"The Good Guys"

Nice guys finish last, the old saying goes. And if that were true, the five members of the Los Angeles rock band City City would have mantels littered with green ribbons and plastic participant trophies.
Instead, they’re finding that being nice is its own reward. Helping the less fortunate has become a way of life for the group, which shares several passionate pursuits. City City has been seen performing at many non-profit fundraisers and cultural festivals as well as some Lesbian, Gay, Bisexual and Transgender Alliance events.
Even away from the stage, these guys are lending a helping hand. Lead singer Dan McCollister works as a counselor at a residential treatment program for adolescent gang members. Guitarist Kyle Minichelli is a job trainer for people with special needs. Jeff Kirchner (guitar), Valerie Ngai (bass) and Jarrett Portnoy (drums) all work in the education field.
“We’re one of the nicer bands you’ll see,” McCollister laughs. “I think we’re all pretty socially minded about people in general.”
City City is stepping away from the benefit shows for a mini-tour with dates in Nevada, Colorado and Nebraska as well as one at 9 p.m. March 29 at Cafe Acoustic in St. Joseph.
The gig will offer Joetowners a chance to see a West Coast band perform innovative alternative rock in person. City City has recorded two EPs — “Lines” and “Adult People.” With “Lines,” McCollister, Minichelli and Kirchner created a club techno style of digital rock. The addition of Ngai and Portnoy equated to “Adult People” becoming an EP that layered synth sounds with driving guitars, pop sensibilities and orchestral elements.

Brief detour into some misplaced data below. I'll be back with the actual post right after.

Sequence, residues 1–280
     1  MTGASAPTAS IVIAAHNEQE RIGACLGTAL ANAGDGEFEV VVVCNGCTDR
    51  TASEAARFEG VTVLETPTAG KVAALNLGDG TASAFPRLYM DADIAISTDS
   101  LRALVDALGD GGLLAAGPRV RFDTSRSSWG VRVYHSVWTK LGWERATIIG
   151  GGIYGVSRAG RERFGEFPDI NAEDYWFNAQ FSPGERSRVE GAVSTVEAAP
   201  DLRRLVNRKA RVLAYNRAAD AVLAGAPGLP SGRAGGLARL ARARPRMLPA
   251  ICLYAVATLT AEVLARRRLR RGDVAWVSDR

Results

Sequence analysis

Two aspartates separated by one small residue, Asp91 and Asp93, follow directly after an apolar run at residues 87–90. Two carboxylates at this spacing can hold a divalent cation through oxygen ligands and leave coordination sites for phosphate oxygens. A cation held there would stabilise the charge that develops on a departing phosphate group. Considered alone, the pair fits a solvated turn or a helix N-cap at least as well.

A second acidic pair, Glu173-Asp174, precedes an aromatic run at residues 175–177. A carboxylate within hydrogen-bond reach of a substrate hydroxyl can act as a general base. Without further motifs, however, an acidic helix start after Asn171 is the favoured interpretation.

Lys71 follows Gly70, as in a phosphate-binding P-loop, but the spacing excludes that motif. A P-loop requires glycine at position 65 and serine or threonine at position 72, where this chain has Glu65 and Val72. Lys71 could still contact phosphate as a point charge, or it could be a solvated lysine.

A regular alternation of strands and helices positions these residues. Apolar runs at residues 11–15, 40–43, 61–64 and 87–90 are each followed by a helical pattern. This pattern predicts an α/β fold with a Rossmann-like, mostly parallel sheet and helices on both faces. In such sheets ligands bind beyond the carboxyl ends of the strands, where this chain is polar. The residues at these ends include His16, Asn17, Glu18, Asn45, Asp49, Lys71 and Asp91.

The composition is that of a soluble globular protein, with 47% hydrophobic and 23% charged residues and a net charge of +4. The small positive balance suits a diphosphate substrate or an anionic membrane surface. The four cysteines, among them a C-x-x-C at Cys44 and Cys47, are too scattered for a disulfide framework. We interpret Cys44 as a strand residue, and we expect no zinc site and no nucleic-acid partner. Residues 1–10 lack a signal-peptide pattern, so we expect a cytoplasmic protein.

Think of modern new wave bands like MGMT, Passion Pit, The Faint, Owl City and Bloc Party. Now think older — U2, The Police, Kraftwerk, Tribe, Simple Minds and David Bowie. You’ll hear little tidbits of all of them during a City City show.
“I guess it’s a collision of older and newer music,” McCollister says. “We take things we’ve been inspired by and put them through our brains and that’s what comes out.”
Even though City City gives its brand of digital rock a shot of happy, dancey pop, the band’s lyrics aren’t swallowed by the usual pop filler. “Animals” shines as a pick-me-up song brimming with hope and refuge, while McCollister takes a shot at the shallow consumerism of television news with “The Network.”
He says “The Network” was inspired by the frustrations he experienced during the time he spent working for a CBS affiliate in Illinois.
“It’s like no one watches C-SPAN, your anchors need to be attractive and at the end of the day you’re wondering, ‘Why are we reporting on this?’” McCollister says. “(That song) was a way for me to get some of my cynicism out there.”
But City City continues to evolve, McCollister points out. The heart of City City has always beat to the sound of synth tones, but the group is now heading for more of a traditional rock vibe. Why? Because McCollister and Co. realize that watching a band play synthesizers and loops isn’t the most exciting thing to see at a live show.
“This is the MySpace generation, and we’re entering this period where bands are getting big that have never played a show. A lot of those songs, guys wrote with a computer,” McCollister says. “And then they go to play it live and there’s something off.”